The Bugsworth Tipplers

by Ian H Bruce (2009)

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Riding the wagons as they rattle down the way
Dove Holes to Bugsworth, day after day
Lurching from side to side, sparks flying far and wide
Dangers ignored for a waggoner’s pay

Nipper and me we stand on the lily-pins*
Brake hooks in hands for spragging* the wheels
Thrown at the right time, to stop forty tons of lime
Make one mistake and we’re head over heels

Men climbing spokes turn the tipplers of Bugsworth
Wagons raised high drop their loads to the ground
Ironwork red with rust, covered in white lime dust
Horse drawn barges leaving – Manchester bound

Steering a pleasure boat, enjoying the sunshine
Marple to Bugsworth, on a Bank Holiday
‘Nice day’ it is the cry as we greet passers-by
Some pints in 'The Sportsman' and then on our way

All’s quiet and serene as we cruise into Bugsworth
Unlike times past with the toil, sweat and din
No more the inland port built for limestone transport
The only tipplers now are in the old ‘Navvy’ Inn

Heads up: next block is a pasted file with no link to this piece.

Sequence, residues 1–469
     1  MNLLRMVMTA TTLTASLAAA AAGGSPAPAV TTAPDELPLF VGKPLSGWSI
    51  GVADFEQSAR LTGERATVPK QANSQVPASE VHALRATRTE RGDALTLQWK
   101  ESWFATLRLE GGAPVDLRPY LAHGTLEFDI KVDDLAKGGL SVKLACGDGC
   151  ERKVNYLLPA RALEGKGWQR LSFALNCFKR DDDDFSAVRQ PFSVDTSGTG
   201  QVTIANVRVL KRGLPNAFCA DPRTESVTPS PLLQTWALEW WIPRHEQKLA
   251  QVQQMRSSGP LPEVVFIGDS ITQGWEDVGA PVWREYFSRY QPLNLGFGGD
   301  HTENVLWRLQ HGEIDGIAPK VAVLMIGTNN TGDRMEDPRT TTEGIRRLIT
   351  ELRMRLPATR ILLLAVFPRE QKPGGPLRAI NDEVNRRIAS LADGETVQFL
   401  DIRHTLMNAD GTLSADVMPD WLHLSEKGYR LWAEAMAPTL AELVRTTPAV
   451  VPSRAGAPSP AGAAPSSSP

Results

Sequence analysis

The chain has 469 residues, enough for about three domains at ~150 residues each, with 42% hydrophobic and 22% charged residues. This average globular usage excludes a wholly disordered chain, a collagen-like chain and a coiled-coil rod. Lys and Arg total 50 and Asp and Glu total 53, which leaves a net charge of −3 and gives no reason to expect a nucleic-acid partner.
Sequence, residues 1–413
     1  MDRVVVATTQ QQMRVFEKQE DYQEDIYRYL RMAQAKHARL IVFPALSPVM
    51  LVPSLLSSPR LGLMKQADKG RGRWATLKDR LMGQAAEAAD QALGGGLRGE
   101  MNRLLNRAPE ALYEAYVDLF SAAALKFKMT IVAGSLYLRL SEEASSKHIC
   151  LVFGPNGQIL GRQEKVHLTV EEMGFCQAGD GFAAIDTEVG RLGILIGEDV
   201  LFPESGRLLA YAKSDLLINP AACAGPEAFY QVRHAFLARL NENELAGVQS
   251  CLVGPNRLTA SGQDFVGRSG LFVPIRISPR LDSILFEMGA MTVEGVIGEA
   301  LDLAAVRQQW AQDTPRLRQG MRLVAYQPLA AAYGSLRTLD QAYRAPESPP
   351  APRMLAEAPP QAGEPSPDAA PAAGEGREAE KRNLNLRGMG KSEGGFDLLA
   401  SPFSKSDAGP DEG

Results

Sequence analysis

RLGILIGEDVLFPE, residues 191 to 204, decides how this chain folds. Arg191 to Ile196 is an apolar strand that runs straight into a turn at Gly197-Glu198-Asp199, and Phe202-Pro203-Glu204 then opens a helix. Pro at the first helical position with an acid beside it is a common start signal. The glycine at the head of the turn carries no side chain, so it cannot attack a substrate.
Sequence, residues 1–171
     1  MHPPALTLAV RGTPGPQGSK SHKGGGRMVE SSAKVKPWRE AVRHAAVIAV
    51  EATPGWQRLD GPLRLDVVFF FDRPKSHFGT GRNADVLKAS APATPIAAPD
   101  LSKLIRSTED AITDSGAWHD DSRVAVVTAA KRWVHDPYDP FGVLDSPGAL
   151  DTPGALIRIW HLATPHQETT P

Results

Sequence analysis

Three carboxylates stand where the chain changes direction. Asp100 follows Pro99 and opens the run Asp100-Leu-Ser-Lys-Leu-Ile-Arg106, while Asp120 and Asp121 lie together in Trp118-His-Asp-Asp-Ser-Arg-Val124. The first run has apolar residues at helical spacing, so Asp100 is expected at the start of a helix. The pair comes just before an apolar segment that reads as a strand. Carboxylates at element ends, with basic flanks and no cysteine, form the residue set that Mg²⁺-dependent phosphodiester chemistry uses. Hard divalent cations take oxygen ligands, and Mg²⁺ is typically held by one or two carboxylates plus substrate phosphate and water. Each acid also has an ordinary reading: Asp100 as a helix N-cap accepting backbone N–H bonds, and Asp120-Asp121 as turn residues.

Fair weather boaters meet in the public bar
Beneath faded photos of an industry past
Iron rails and tipplers gone, a basin long overgrown
Now a heritage site neatly laid out to grass

So relax and enjoy the beauty of Bugsworth
But raise up a glass to those tipplers of yore
To the gangers, the nippers, the lime wagon tippers
The boaters and all those who’ve drunk here before

Bugsworth Basin stands at the end of the Peak Forest Canal and was at one time reputedly the country's largest inland port. It was the place where limestone, brought down on waggons on the Peak Forest Tramway from the quarries around Dove Holes, was loaded into barges. These then carried the limestone to destinations further afield. One of the features of Bugsworth Basin at that time was a large wheel or 'tippler' used to overturn the limestone waggons to unload their contents.

When I first saw Bugsworth Basin it was in the early stages of the re-vitalisation process being brought about by members of the IWPS. At that time I was a boatless rambler. Little did I think that thirty years later I would be a regular visitor by boat. Over the years many may have thought that boats would never return, particularly when tremendous leakage problems were encountered. Nevertheless it is now open and well worth a visit, thanks chiefly to the voluntary efforts of many enthusiasts.

* The 'lily' pins were the ends of the waggon axles upon which the ganger and his nipper would stand in order to use the brake chain. This was a short chain with hooks at each end. One hook went over the side of the waggon and the other was used to 'hook' a wheel spoke and bring the wheel to a stop. This primitive and very dangerous method of stopping the waggon train was known as 'spragging'.